75 years ago
July 23, 1939
Sunday, no newspaper published
July 24 1939
How he escaped death by a few inches was graphically described over the telephone last night by Steve Turk, Aberdeen school teacher, who was one of the party of 25 Western Washington College of Education students trapped on Mount Baker Saturday by an avalanche which killed two and left four missing.
The former Weatherwax high school athlete who was recently hired to teach in a grade school here told his brother S.L. Turk of Hoquiam he was hiking in single file when suddenly a huge area of snow above them started sliding. He said he was helpless to move and only could watch while the avalanche buried and carried away several of his fellow hikers.
50 years ago
July 23, 1964
• Harborites are invited to drop in at Pay ‘N’ Save tomorrow and help the store celebrate its fifth anniversary of doing business in Aberdeen.
A birthday party is scheduled between 7 and 9 o’clock when Ingrid Moisenen, Miss Grays Harbor, Mr. and Mrs. Ned Button and Mr. and Mrs. Dave Wilson will serve free cake, coffee and 7-up.
• Frank LaRosa, barbershop owner and his son, Richard, a June graduate of Weatherwax High School just returned from a trip to Sicily. “It is sad that Sicily is an island where crime was born with the Mafia and other illicit goings on,” said the Harborite. “But traveling the island from one end to the other, I found a charming place where mythology and history blend. … Sicily has something to offer everyone — the historian, architect, gourmet, skindiver, archaeologist, the scholar and just the holiday maker like me.”
July 24, 1964
• A permanent community library is now ready for readers of all ages next to the Westport Town Hall. Built at a cost of more than $17,000 the library has been stocked with 2,500 volumes designed to appeal to every taste.
• Members of the Hoquiam Eagles voted unanimously last night to purchase the Polson Building at Fifth and Simpson in Hoquiam for $25,000. The structure is presently occupied by Shelly’s Grocery and also is used as a storage garage for log trucks.
Efforts are under way to have the State Liquor Board transfer the Eagles’ liquor license from the present site at 711 J. St. to the new building.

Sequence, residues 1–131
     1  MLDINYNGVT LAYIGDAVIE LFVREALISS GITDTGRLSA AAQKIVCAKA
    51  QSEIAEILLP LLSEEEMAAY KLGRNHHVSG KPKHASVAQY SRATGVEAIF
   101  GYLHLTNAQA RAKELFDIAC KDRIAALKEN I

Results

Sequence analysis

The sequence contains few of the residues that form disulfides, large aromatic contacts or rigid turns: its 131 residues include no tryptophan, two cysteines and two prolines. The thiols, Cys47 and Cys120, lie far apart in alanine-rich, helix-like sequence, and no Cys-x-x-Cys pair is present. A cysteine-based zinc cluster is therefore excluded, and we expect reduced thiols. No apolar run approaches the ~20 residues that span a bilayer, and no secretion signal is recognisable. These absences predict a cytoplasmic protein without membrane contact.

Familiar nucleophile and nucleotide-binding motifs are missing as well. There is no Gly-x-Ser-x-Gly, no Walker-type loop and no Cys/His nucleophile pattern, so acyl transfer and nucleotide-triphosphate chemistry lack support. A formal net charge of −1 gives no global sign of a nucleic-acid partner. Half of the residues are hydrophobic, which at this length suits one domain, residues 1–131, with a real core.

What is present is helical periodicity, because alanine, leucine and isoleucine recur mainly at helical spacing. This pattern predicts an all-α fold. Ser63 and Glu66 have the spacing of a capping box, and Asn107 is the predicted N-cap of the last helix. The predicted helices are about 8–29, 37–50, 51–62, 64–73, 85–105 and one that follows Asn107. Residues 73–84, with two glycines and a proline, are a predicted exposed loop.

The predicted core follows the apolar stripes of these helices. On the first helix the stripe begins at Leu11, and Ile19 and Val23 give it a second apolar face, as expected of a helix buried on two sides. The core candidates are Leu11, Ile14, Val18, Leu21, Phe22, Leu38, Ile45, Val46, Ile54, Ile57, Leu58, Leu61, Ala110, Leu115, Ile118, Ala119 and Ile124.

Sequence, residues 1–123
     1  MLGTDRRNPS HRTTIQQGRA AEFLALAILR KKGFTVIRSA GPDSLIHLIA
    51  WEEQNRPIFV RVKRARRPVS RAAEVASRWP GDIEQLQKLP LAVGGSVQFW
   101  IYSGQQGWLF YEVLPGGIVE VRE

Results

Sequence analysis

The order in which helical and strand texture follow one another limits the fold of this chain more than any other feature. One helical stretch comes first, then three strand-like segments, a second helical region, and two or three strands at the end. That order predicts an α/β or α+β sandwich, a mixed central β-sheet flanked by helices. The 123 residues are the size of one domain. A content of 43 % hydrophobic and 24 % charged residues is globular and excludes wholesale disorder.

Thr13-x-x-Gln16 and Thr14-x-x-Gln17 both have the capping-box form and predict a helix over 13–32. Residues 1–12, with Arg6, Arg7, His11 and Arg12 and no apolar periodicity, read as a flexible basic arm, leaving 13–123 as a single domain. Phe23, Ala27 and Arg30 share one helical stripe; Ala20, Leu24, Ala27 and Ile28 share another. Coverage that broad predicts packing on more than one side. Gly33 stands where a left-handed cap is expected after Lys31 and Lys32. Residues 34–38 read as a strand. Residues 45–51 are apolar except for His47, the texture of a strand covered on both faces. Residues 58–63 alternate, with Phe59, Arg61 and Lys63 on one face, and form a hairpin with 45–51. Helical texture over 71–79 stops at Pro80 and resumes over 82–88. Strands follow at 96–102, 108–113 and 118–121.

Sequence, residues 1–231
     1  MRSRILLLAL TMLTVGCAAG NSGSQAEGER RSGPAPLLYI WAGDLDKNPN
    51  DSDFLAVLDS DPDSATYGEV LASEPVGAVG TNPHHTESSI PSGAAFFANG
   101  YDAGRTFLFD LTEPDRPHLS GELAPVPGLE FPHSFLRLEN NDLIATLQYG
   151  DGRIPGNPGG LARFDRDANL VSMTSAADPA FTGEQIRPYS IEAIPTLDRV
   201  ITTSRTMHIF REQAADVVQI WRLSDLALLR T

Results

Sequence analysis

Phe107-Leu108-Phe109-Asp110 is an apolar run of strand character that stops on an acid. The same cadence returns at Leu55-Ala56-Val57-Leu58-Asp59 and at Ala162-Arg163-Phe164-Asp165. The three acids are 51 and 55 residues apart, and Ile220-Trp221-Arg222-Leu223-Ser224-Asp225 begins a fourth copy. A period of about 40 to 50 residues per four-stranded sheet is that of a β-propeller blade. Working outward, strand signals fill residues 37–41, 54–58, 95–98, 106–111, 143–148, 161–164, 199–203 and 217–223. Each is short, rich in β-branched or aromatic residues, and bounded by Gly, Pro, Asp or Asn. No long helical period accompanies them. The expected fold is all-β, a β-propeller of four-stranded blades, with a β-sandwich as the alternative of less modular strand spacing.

25 years ago
July 23, 1989
Scanning the cards in his hand, Patrick Katzer of Elma found the needed 22 point combination to come from behind in Saturday’s Festival of People cribbage tournament and take the title. “Twenty-two points in one hand is fantastic — the odds of that happening were unlikely,” said tournament organizer Dave Whitcher of Central Park.
But then Katzer, 19, has been beating the odds for years.
A standout basketball player for Elma High School, his season was cut short on Jan. 8, 1987, when he suffered extensive head injuries in a car accident. The doctors at Harborview Medical Center in Seattle gave him just a 4 percent chance of surviving.
After three surgeries he remained in a coma-like state for 77 days.
Saturday, he didn’t even use a wheelchair and his vocabulary is coming back. His mind is obviously tack sharp and his competitive instincts still intact.
After winning Saturday, Katzer said it felt “like he’d won a basketball championship of Elma against Montesano.”
July 24, 1989
Near Mount St. Helens, source of one of the biggest clearcuts in recorded history, the Weyerhaeuser Co. has planted Douglas fir that far surpass natural growth on unmanaged public land nearby.
The volcano’s eruption nine years ago leveled 96,000 acres of public and private timberland with a blast like that of a hydrogen bomb. Weyerhaeuser lost 36,500 acres of mature timber and another 26,000 acres of younger trees.
Compiled from the archives of The Daily World by Karen Barkstrom